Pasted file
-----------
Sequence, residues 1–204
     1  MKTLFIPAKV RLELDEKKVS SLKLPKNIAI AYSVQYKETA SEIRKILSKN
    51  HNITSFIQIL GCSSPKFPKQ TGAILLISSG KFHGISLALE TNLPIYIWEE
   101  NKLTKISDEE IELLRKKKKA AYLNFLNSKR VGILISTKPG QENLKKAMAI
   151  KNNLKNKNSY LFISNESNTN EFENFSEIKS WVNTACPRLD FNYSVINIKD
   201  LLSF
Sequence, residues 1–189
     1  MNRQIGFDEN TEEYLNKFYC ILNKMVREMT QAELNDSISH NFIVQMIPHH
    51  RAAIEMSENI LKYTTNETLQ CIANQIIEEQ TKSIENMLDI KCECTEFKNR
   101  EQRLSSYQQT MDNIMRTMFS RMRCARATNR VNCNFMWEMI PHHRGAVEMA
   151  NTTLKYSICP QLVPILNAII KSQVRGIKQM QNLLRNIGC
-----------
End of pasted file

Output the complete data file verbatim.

Sequence, residues 1–204
     1  MKTLFIPAKV RLELDEKKVS SLKLPKNIAI AYSVQYKETA SEIRKILSKN
    51  HNITSFIQIL GCSSPKFPKQ TGAILLISSG KFHGISLALE TNLPIYIWEE
   101  NKLTKISDEE IELLRKKKKA AYLNFLNSKR VGILISTKPG QENLKKAMAI
   151  KNNLKNKNSY LFISNESNTN EFENFSEIKS WVNTACPRLD FNYSVINIKD
   201  LLSF
Sequence, residues 1–189
     1  MNRQIGFDEN TEEYLNKFYC ILNKMVREMT QAELNDSISH NFIVQMIPHH
    51  RAAIEMSENI LKYTTNETLQ CIANQIIEEQ TKSIENMLDI KCECTEFKNR
   101  EQRLSSYQQT MDNIMRTMFS RMRCARATNR VNCNFMWEMI PHHRGAVEMA
   151  NTTLKYSICP QLVPILNAII KSQVRGIKQM QNLLRNIGC